8 ZUK ET AL. FIG. 2. Composition of the PLA: indirect immunofluorescence. PLA cells (PLA), in addition to bone marrow stromal cells (BMS), were processed for immunofluorescence using the following antibodies to cell type-specific markers: (1) anti-factor VIII (FVIII); (2) anti-smooth muscle actin (SMA); and (3) ASO2 (ASO2). Factor VIII- and smooth muscle actin-expressing cells are shown (arrows). MSCs and lineage-committed progenitor cells served as positive controls whereas PLA cells maintained in control medium and HFF cells were examined as negative controls. Preadipocytes and MSCs treated with adipogenic induction medium, containing camp agonists and induction agents such as isobutyl-methylxanthine (IBMX), indomethacin, insulin, and dexamethasone, develop lipid-containing droplets that accumulate the lipid dye Oil Red-O. 8,54,55 To determine if PLA cells undergo adipogenesis, cells were cultured in medium containing these agents (adipogenic medium, AM) and stained with Oil Red-O. PLA cells cultured in AM were reproducibly induced toward the adipogenic lineage as early as 2 weeks post-induction (Fig. 4). A significant fraction of the cells contained multiple, intracellular lipid-filled droplets that accumulated Oil Red-O. The Oil Red O-containing PLA cells exhibited an expanded morphology with the majority of the intracellular volume (90 98%) occupied by lipid droplets, consistent with the phenotype of mature adipocytes. The mean level of adipogenic differentiation measured in 6 donors under 35 years of age was 42.4% % (% Oil Red O-positive cells/total PLA cell number; data not shown). Prolonged culture times (i.e., 4 weeks) resulted in the detachment of differentiating cells from the culture plate and flotation to the surface (data not shown). The observed morphology and lipid accumulation of differentiated PLA cells were similar to that observed upon treatment of bone marrow-derived MSCs and the preadipocyte cell line 3T3-L1 in AM. No lipid droplets were observed in undifferentiated PLA cells or in HFF negative controls (data not shown). In contrast to MSCs, in which adipogenic differentiation dramatically decreases beyond the third culture passage, 56 the adipogenic potential of PLA cells was maintained over long-term culture (i.e., passage days culture) (data not shown). Taken together, the results indicate that PLA cells undergo adipogenic differentiation. 218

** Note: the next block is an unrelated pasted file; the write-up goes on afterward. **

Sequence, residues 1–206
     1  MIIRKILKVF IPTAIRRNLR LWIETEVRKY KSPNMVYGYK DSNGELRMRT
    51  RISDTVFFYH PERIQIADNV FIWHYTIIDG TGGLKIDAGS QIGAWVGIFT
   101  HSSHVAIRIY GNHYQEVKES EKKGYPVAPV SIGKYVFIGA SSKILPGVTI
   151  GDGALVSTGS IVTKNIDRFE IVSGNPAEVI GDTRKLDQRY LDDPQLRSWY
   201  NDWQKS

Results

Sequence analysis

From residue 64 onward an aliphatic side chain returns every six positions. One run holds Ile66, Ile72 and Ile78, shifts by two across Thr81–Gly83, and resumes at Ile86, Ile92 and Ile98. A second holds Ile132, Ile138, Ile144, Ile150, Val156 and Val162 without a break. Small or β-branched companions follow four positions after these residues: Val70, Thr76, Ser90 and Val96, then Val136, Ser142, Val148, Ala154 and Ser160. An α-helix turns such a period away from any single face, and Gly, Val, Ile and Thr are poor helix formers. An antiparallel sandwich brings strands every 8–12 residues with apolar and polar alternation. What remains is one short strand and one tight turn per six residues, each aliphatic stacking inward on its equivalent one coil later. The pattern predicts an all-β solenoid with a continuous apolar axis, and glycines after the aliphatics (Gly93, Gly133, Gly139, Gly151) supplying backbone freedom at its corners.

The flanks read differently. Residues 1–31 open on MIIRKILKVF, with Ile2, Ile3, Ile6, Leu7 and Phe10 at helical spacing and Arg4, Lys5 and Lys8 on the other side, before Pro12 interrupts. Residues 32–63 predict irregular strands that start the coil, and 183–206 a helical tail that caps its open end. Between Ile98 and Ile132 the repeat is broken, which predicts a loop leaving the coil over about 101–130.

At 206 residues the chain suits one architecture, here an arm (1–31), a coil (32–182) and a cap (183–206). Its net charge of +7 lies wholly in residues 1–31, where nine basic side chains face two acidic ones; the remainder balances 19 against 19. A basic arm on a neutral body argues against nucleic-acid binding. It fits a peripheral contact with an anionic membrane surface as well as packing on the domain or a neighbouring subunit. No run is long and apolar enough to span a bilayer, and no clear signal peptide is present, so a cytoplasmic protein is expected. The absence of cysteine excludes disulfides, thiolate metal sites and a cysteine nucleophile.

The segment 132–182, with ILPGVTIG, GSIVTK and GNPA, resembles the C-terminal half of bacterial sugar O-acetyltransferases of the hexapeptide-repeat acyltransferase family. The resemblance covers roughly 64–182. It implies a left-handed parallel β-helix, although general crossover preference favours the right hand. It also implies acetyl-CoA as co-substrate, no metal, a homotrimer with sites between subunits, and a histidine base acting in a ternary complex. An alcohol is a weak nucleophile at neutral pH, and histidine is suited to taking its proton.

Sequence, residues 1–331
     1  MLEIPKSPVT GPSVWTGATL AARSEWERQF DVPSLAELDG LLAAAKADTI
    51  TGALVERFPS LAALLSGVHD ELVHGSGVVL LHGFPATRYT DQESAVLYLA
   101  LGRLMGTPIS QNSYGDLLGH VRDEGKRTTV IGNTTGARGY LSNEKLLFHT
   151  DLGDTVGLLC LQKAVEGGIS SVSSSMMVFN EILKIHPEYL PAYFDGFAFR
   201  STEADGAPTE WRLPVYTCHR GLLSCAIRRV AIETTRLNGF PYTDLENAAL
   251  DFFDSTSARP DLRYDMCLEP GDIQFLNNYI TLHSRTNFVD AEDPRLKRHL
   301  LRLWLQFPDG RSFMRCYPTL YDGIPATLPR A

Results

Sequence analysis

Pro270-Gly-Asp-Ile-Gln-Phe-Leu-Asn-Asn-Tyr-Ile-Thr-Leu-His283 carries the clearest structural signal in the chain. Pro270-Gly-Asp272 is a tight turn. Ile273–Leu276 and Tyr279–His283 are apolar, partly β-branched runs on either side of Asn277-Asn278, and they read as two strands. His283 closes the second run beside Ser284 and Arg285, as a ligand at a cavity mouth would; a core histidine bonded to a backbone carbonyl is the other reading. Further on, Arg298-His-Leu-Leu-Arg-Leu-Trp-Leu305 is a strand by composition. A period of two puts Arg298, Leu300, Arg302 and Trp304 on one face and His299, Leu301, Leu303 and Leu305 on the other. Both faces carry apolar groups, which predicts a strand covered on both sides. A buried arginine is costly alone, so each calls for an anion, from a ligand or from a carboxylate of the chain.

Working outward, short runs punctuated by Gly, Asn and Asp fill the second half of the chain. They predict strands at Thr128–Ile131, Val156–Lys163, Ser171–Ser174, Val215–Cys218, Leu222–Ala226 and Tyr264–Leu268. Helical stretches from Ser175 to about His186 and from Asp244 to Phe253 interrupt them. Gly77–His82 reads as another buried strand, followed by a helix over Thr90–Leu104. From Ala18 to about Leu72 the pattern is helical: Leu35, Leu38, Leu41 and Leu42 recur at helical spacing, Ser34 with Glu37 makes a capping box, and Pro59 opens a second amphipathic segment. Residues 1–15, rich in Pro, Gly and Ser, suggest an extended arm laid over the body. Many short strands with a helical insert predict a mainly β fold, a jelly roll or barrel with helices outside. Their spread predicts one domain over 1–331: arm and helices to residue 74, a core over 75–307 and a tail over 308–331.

9 MULTIPOTENT ADIPOSE TISSUE CELLS FIG. 3. Composition of the PLA: flow cytometry. (A) PLA samples were examined by flow cytometry using forward and side scatter (FS and SS, respectively). A representative PLA sample is shown. (B) The cell composition of a representative PLA sample from one donor (PLA) was determined by incubating the sample with the following monoclonal antibodies: anti-factor VIII (FVIII), anti-smooth muscle actin (SMA), ASO2, and a monoclonal antibody to vimentin (VIM), an additional marker for cells of mesenchymal origin. (C) Flow cytometry data from 5 donors was collected and the mean number of positive events for each cell-specific marker is expressed as a percentage of total PLA cell number. Differentiation of osteoprogenitor cells and marrow-derived MSCs into osteoblasts is induced in vitro by treating cells with low concentrations of ascorbic acid, b-glycerophosphate, and dexamethasone. 8,15,56 Early differentiation of these cells into immature osteoblasts is characterized by AP enzyme activity with human MSCs expressing AP as early as 4 days and maximum levels observed at 12 days post-induction. 57 To confirm their osteogenic capacity, PLA cells were treated with OM for 14 days, and the expression of AP was 219